More importantly, what is my writing missing?

The other funny thing is that I have used smell before. I wrote a whole fantasy story in which I usually described magic in terms of its smell and taste (Gwydion's magic smelled like earth, leaves, and grass; Randall's magic smelled like metal and spices). I think it worked really well.

So now, I rededicate myself to producing more stinky writing, and you should consider it, too.

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  • Have you ever had a similar experience of an object, person, or place's smell? Please, God, tell me I'm not alone...
  • When have you used smell in your writing to a particularly notable effect?
  • When have you written something and later realized that adding more about smell might have improved it?


Abby said...

I feel the spontaneous need to emphasize that the candle holder wasn't random conference swag, it was a gift for being on the conference committee. Also, the BEST swag was the books, particularly the one on puppets and dissociation.

Anyway. Also. I don't think there is a single smell or taste in my currently 12,300ish-word NaNo novel. Oops!

Scattercat said...

It's interesting; smell is one of the first things I think of describing when setting a scene (and less so for characters). I find it odd simply because my own sense of smell is so feeble.

I wonder if it has anything to do with the approach one has taken to writing and the reasons one has for pursuing that path.

Anonymous said...

I think it's one of the things that slides in and out of my consciousness. Sometimes I've got smell on the brain - like when I wrote that story I mentioned, where magic had a smell - and sometimes it fades. I do the same thing with weather.

Further evidence for editing. That way I can write a novel when I'm in one mode and then fix it when I'm in a complementary mood!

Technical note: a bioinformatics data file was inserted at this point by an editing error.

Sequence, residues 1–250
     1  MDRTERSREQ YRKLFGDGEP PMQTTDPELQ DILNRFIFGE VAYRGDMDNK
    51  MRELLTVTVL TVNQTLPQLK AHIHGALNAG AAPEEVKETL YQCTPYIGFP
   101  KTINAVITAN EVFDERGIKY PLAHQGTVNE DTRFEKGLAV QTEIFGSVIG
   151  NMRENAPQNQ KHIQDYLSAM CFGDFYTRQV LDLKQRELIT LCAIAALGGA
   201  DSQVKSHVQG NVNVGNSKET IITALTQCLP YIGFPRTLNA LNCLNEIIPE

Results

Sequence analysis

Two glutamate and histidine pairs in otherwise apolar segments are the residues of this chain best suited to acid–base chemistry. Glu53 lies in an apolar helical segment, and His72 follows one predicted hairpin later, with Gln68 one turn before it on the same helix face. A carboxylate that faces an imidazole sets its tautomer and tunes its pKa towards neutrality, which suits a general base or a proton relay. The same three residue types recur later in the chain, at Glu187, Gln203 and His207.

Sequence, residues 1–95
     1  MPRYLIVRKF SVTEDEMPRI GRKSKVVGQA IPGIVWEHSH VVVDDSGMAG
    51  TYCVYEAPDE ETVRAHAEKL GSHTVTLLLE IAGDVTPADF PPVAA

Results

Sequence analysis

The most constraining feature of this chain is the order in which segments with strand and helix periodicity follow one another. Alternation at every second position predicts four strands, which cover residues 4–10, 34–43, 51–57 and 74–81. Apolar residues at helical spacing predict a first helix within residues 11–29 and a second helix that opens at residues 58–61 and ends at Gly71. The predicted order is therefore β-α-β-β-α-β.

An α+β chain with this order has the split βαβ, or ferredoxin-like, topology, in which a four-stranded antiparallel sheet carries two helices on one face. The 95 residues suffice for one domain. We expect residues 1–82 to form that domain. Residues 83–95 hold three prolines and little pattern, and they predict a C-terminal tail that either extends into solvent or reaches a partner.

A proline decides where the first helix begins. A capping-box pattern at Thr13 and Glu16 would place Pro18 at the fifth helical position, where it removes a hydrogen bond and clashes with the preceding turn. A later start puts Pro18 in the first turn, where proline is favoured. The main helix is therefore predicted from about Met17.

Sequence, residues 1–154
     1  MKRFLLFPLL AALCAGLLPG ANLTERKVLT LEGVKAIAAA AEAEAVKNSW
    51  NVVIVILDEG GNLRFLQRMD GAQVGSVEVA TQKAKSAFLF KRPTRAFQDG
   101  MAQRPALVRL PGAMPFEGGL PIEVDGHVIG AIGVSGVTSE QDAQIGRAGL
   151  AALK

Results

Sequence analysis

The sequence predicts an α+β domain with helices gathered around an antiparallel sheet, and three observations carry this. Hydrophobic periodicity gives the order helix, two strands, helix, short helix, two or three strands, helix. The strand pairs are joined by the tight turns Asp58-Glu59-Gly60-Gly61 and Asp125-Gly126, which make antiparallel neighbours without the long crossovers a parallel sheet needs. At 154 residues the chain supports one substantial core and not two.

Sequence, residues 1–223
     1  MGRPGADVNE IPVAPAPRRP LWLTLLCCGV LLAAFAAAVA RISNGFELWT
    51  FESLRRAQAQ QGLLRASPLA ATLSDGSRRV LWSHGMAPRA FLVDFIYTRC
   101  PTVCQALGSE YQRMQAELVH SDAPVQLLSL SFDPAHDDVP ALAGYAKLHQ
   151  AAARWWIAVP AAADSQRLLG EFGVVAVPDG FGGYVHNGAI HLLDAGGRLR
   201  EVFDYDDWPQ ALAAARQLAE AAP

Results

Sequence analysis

Unknown said...

I identify people through smell sometimes, and if you blindfolded me and took me to different locations I'm familiar with i can usually identify them by smell. I can also sometimes smell when it's about to rain. but smell almost always reminds me of something.

Loren said...

Hi Mark

Cheers for the link. It's always pleasantly surprising when something like that happens. As for the old olfactory system, I also find that certain smells conjure up vivid memories of seminal moments from my life. There's a certain odor in spring that always reminds of playing pokemon cards. Damn I miss that game. I've never really thought about incorporating this important sense into my writing though, but it's something I'll be a little more aware of in future. According to legend Marcel Proust wrote his masterpiece after catching a whiff of some cookies that brought on a flood of childhood memories. Maybe there's lesson in that somewhere.

P.S. I'm a guy, no worries though this happens all the time. The story of my name is both exhilarating and arduous, but there’s not enough room here.

P.S.S. Keep up the good work.

Anonymous said...

RE P.S. Ack! My apologies, kind sir.

Loren said...

oops, Proust was eating a cookie when the Muse struck (not sniffing it). My bad.